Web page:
Taking my son to school the next day, I was met with more monosyllables. Did he have a good time? Yes. Does he feel more proud? Kinda. Will he tell his class about it? No. Why not? Because. How come? "It's ok, dad. Don't worry about it." But it wasn't ok to me. I didn't push it then but brought it back up later that night. He told me that having two dads sometimes makes him uncomfortable, that it makes him different and that people tease him. I told him that that's not right and not fair.

And I feel like my hope failed – that being in the parade didn't give him more joy, more confidence, more connection to a broader community. I also feel like a failure because I haven't worked hard enough to show him that different is ok and that we celebrate what makes us unique. Instead he still fears getting teased. He doesn't mind being seen by a million people in a parade, but he didn't want his classmates to know. There is still more work to do.

I need Pride every year to remind me that I am not alone, that there are others like me and who like me and who will fight alongside me. Despite the protesters, the teasers, and the people who want to bring us down, we need strength to work together for our rights, our dignity, our safety and a chance to be different. There is still more work to do.

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Personal Essays by Gay Dads

Why This Gay Dad Always Dreaded Parent-Teacher Conferences

With his kids well into their twenties, Jim Joseph gets nostalgic watching friends post back-to-school images of pics of their kids trick-or-treating. One thing he doesn't miss though? The dreaded parent-teacher conference.

I know that social media has gotten a lot of flak in the last couple of years, mostly because of its political tendencies and political, shall we say, drama. Sure, I'm acutely aware of that. But there's a part of social media that is still exceedingly fun and rewarding, and I've been enjoying it a lot lately.

It's been so much fun seeing all of my friends and colleagues with their families during this year's back-to-school and Halloween festivities. School uniforms, backpacks, bake sales, fundraisers, and, of course, Halloween costumes.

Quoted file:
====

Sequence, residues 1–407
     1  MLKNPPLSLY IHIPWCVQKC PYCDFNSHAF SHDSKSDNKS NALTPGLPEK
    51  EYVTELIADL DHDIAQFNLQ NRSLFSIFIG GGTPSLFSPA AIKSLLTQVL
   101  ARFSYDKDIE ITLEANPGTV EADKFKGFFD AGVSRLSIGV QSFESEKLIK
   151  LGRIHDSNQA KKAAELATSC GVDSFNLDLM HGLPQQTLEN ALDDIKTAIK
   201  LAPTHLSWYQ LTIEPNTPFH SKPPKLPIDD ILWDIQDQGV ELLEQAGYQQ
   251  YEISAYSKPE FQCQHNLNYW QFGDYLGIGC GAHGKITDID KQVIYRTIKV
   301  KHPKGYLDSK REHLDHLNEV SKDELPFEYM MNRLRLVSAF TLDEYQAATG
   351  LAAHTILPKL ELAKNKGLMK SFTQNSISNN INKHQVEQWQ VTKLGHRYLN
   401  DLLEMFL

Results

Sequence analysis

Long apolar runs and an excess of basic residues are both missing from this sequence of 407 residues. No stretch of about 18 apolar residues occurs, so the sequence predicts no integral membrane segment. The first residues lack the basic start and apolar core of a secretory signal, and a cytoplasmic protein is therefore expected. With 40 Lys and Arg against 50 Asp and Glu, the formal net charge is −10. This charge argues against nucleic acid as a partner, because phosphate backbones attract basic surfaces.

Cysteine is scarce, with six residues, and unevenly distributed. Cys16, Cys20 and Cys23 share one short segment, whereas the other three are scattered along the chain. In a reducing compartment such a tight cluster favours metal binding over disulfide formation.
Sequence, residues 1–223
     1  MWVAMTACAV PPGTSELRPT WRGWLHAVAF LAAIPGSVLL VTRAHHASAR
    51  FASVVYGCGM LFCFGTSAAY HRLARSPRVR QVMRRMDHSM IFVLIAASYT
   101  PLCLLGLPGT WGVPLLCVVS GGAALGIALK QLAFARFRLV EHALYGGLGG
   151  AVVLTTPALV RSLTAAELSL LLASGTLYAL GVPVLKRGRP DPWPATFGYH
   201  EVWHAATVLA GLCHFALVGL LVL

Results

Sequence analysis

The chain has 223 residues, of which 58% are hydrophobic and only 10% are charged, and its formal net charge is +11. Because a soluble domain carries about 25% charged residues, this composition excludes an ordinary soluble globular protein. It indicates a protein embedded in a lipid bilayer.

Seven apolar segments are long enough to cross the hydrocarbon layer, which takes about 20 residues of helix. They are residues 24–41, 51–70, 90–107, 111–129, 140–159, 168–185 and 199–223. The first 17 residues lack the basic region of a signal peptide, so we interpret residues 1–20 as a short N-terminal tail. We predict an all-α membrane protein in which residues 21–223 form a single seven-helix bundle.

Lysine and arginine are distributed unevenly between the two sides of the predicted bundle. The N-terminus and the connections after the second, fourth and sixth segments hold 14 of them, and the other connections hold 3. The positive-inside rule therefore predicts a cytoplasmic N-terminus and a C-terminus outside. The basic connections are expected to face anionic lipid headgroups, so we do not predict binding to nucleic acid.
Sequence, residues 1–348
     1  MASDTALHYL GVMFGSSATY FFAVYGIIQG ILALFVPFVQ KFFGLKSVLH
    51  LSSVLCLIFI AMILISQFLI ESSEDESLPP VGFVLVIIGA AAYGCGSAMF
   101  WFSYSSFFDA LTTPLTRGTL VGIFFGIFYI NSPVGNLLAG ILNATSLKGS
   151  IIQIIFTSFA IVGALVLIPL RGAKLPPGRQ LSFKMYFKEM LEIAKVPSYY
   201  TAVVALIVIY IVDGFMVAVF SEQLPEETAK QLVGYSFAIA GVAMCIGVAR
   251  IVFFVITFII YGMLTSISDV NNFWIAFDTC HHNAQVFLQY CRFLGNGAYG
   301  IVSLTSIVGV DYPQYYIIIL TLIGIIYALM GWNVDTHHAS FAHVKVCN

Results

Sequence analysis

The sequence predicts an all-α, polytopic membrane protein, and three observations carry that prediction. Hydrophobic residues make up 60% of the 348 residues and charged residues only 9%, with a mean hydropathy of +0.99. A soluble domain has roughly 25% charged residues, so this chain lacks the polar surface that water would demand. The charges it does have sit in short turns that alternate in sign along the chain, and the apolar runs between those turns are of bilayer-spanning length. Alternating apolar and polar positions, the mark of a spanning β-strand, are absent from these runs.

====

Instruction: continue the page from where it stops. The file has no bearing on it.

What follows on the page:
I'm getting the chance to relive the years when I did all of that when my kids were young (they are now well into their '20's now!). I miss it. A lot.

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Personal Essays by Gay Dads

A Gay Dad Discovers: Being a Single Parent is Hard AF

With his husband in New York working on an exciting new TV show, this LA-based dad gains a new appreciation for single parents.

When my husband Alex tells me he's going to be home super late, I have my go-to routine. I give our son a bath; we read bedtime stories; I tuck him in and then I go downstairs to raid the freezer for some dinner (Ben & Jerry's). Then I go down a vintage Whitney Houston rabbit hole on Youtube. Then I might check out a few other *ahem* websites, before finally falling asleep.

But what happens when Alex tells me he's going to be home in a couple of months? Now that's a very different story… with more Ben & Jerry's involved than I care to admit.

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Personal Essays by Gay Dads

Why I Pursued Surrogacy as a Single Gay Man

Joseph writes about the events in his life that led him to choose surrogacy as his path to parenthood as a single gay man.

I don't even know where to begin. When people say lost for words, I never truly understood it until Friday, April 19, 2018. Email notification, "Test results. Positive. Congrats." Four words that completely changed my life forever.

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Rebel Dad: 1st Gay Canadian to Adopt Internationally Writes New Memoir

David McKinstry set a legal precedent in 1997. A few years later, with his second husband, Michael, he did so again when they became the first gay Canadian couple to co-adopt children.

Excerpt #1 – From Chapter 1: The Search (1793 Words)

As the first openly gay Canadian man approved to adopt internationally, David McKinstry set a legal precedent in 1997. A few years later, with his second husband, Michael, he did so again when they became the first gay Canadian couple to co-adopt children.

The following is an excerpt from the first chapter of his new book Rebel Dad: Triumphing Over Bureaucracy to Adopt to Orphans Born Worlds Apart. Here, it's 1998 and David finds himself in India. While in India, David visits several orphanages with his guide, Vinod, on his quest to adopt. With Indian adoption officials being extremely homophobic at the time, David could not reveal that he was a gay man.